An ultrasound showing a gestational sac with fetal heart in the fallopian tube has a very high specificity of ectopic pregnancy. Transvaginal ultrasonography has a sensitivity of at least 90% for ectopic pregnancy. The diagnostic ultrasonographic finding in ectopic pregnancy is an adnexal mass that moves separately from the ovary. In around 60% of cases, it is an inhomogeneous or a noncystic adnexal mass sometimes known as the "blob sign". It is generally spherical, but a more tubular appearance may be seen in case of hematosalpinx. This sign has been estimated to have a sensitivity of 84% and specificity of 99% in diagnosing ectopic pregnancy. In the study estimating these values, the blob sign had a positive predictive value of 96% and a negative predictive value of 95%. The visualization of an empty extrauterine gestational sac is sometimes known as the "bagel sign", and is present in around 20% of cases. In another 20% of cases, there is visualization of a gestational sac containing a yolk sac and/or an embryo. Ectopic pregnancies where there is visualization of cardiac activity are sometimes termed "viable ectopic".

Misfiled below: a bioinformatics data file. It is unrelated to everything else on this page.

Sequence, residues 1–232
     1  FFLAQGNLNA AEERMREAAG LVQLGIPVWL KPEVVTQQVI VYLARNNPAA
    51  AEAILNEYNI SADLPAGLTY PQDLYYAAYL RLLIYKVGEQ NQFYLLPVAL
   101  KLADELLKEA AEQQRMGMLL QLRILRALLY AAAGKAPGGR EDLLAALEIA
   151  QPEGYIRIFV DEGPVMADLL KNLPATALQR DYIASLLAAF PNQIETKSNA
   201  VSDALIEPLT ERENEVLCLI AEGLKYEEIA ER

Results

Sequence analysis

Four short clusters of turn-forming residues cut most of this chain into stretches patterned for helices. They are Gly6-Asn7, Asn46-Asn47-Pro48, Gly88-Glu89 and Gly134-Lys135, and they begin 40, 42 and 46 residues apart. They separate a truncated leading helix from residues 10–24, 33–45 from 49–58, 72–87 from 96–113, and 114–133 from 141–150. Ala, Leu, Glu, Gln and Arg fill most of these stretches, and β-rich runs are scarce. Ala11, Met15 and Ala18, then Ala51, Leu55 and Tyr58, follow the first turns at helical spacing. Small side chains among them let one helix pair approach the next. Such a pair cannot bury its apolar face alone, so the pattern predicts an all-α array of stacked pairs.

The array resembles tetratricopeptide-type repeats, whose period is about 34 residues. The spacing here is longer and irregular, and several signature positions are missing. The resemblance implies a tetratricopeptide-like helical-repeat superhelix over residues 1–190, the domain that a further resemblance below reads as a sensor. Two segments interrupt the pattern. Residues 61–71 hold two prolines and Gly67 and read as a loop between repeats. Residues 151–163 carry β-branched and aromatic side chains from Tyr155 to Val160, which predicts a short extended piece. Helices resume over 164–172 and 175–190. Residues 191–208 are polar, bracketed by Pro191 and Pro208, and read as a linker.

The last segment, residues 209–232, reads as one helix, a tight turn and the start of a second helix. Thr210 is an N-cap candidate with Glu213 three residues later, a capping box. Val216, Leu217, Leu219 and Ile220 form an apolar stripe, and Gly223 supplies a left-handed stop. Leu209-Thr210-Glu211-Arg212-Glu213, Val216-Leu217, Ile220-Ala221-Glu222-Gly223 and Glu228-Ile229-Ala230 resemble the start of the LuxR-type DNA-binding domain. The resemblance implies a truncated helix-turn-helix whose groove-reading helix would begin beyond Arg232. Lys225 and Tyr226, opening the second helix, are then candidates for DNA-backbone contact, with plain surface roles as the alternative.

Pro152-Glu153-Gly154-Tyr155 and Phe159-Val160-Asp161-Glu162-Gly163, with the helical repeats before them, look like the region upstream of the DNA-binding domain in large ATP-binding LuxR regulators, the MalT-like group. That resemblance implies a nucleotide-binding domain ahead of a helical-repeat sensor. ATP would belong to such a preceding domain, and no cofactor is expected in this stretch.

Transvaginal ultrasonography of an ectopic pregnancy, showing the field of view in the following image.
A "blob sign", which consists of the ectopic pregnancy. The ovary is distinguished from it by having follicles, whereof one is visible in the field. This patient had an intrauterine device (IUD) with progestogen, whose cross-section is visible in the field, leaving an ultrasound shadow distally to it.
Ultrasound image showing an ectopic pregnancy where a gestational sac and fetus has been formed.
The combination of a positive pregnancy test and the presence of what appears to be a normal intrauterine pregnancy does not exclude an ectopic pregnancy, since there may be either a heterotopic pregnancy or a "pseudosac", which is a collection of within the endometrial cavity that may be seen in up to 20% of women.
A small amount of anechogenic free fluid in the rectouterine pouch is commonly found in both intrauterine and ectopic pregnancies. The presence of echogenic fluid is estimated at between 28 and 56% of women with an ectopic pregnancy, and strongly indicates the presence of hemoperitoneum. However, it does not necessarily result from tubal rupture, but is commonly a result from leakage from the distal tubal opening. As a rule of thumb, the finding of free fluid is significant if it reaches the fundus or is present in the vesico-uterine pouch. A further marker of serious intra-abdominal bleeding is the presence of fluid in the hepatorenal recess of the subhepatic space.